The UK’s ageing population faces up to 13 years of living in poor health, an analysis suggests.
The study by the charity Independent Age looked at the gap between healthy life expectancy and life expectancy at age 65 for every local authority in England.
It found that the gap for women is largest for residents of Harrow (13.6 years), Camden (13.5) and Bexley (13.1), while the largest gaps for men are in Kensington and Chelsea (12.5 years), Westminster and Newham (both 12.4).
At the age of 65, female residents in Harrow are expected to have an average healthy life expectancy of 10.7 years. In contrast, their expected remaining life expectancy overall is 24.3 years – a difference of 13.6 years.
Gill Moffett, policy manager at Independent Age, said that while life expectancy has increased significantly in recent decades, it isn’t the only measure that matters.
“Many older people in England face more than a decade of poor health, during which time they are likely to need some form of social care,” she added. “This could mean facing a bill of tens of thousands, or even hundreds of thousands, of pounds in care costs – which they would be forced to pay in full if they have savings of more than £23,250.”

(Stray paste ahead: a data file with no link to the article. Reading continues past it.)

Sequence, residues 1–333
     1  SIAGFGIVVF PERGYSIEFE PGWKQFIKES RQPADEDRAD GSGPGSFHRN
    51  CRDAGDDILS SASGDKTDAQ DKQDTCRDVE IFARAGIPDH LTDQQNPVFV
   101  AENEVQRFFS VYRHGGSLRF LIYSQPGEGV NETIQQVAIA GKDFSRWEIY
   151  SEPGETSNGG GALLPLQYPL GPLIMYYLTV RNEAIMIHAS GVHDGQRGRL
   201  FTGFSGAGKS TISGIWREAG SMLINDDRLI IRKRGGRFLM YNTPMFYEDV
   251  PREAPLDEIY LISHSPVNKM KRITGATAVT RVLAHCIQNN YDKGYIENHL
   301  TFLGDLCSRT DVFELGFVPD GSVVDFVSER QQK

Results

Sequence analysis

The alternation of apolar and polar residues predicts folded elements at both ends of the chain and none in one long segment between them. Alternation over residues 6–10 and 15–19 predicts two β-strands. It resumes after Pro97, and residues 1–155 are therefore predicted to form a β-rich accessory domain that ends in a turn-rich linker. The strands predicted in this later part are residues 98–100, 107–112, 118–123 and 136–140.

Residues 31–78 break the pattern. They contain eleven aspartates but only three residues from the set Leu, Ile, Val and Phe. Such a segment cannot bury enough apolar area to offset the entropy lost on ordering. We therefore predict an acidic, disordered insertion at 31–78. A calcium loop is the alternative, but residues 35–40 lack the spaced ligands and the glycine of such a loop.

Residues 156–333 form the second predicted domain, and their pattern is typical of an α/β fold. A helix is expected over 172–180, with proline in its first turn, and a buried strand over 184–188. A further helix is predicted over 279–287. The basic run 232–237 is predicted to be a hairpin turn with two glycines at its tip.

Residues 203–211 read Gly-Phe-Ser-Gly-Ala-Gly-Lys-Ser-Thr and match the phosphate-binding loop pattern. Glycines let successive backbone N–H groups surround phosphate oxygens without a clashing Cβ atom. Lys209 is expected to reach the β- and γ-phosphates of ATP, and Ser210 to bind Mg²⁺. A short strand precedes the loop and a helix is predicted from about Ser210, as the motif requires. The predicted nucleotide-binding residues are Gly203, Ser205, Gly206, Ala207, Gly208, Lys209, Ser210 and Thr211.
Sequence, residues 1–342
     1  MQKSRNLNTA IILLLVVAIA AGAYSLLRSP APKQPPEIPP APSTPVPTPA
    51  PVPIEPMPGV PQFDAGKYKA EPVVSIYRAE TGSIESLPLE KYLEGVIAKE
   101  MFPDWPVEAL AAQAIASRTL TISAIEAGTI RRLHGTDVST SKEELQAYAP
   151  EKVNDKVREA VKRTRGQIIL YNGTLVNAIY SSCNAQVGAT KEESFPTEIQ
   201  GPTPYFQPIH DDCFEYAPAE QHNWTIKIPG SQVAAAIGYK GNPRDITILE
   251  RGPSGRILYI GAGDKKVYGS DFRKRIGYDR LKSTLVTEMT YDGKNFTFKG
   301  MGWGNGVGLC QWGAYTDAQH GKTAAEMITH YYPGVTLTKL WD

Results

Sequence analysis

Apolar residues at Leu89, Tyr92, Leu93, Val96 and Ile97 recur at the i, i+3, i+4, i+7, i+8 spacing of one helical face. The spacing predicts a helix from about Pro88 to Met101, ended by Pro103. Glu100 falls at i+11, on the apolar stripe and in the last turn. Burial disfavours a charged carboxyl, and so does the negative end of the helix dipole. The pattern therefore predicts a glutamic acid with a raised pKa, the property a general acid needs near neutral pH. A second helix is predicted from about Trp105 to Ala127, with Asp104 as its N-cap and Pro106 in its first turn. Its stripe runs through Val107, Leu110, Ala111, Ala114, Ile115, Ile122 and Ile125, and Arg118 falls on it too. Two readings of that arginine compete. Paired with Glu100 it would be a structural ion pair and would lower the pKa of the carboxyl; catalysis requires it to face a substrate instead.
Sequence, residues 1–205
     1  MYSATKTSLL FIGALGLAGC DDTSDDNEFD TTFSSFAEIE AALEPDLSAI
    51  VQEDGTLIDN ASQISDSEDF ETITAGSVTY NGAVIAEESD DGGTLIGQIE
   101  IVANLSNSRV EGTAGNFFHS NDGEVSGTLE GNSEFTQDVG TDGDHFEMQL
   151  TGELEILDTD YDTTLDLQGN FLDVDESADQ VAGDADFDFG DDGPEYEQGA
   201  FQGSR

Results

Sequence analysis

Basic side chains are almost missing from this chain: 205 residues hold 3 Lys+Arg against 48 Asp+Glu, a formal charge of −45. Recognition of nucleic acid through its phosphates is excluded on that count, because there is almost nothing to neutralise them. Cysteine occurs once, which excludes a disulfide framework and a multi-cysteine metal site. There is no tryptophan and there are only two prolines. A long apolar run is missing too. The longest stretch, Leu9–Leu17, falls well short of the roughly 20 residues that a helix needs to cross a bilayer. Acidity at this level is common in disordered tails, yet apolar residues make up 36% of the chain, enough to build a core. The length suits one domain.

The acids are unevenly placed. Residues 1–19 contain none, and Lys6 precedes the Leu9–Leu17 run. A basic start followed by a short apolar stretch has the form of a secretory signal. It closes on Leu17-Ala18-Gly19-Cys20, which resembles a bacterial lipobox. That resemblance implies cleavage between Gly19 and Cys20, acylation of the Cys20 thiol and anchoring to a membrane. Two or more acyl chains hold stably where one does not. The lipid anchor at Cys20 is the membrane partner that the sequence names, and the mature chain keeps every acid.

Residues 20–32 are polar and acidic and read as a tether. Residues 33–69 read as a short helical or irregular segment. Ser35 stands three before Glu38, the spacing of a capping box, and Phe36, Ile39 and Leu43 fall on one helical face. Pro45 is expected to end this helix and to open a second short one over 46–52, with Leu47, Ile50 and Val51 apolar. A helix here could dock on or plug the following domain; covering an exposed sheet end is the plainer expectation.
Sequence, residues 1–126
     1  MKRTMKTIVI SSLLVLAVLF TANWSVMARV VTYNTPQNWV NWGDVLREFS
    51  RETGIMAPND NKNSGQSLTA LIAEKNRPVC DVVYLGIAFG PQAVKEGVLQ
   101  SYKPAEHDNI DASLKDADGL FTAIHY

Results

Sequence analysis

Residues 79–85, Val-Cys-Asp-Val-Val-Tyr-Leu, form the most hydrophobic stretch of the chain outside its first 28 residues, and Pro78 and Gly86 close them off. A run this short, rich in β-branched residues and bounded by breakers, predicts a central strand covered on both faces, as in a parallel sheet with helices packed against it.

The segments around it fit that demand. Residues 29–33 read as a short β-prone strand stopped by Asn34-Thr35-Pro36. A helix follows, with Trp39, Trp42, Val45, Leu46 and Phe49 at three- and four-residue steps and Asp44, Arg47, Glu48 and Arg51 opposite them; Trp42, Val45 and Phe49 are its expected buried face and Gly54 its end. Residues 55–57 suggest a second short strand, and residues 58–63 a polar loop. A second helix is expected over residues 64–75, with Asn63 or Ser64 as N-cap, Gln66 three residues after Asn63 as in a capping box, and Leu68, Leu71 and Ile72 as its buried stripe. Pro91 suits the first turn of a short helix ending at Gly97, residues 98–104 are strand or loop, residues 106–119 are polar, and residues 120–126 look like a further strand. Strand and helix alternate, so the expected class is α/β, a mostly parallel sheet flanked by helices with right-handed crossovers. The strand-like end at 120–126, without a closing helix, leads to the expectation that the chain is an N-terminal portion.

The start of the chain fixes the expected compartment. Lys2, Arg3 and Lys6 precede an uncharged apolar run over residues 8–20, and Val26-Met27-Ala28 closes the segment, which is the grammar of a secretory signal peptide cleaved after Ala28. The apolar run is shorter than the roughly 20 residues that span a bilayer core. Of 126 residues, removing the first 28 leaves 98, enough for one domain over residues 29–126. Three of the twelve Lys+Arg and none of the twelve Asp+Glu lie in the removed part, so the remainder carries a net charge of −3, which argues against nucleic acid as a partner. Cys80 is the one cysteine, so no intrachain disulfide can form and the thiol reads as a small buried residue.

The analysis showed that a Harrow woman requiring 14 hours of home care per week (two hours per day) for the 13.6-year period of poor health would have a £178,200 care bill, which they would be forced to pay in full if they have savings of more than £23,250.
Women’s overall life expectancy at age 65 is significantly higher for women – at an average of 21.1 years across England, compared to 18.8 for men.
However, the extra years in women’s lives are not always spent in good health, with the gap between healthy life expectancy and life expectancy averaging 10.2 years across the country. The average male gap was 8.3 years, according to the report published in the Telegraph.
Researchers also found that life expectancy at birth in the UK in 2016 to 2018 was 79.3 years for males and 82.9 years for females, with slight improvements observed from 2015 to 2017 of 3.7 weeks and 4.2 weeks for males and females respectively.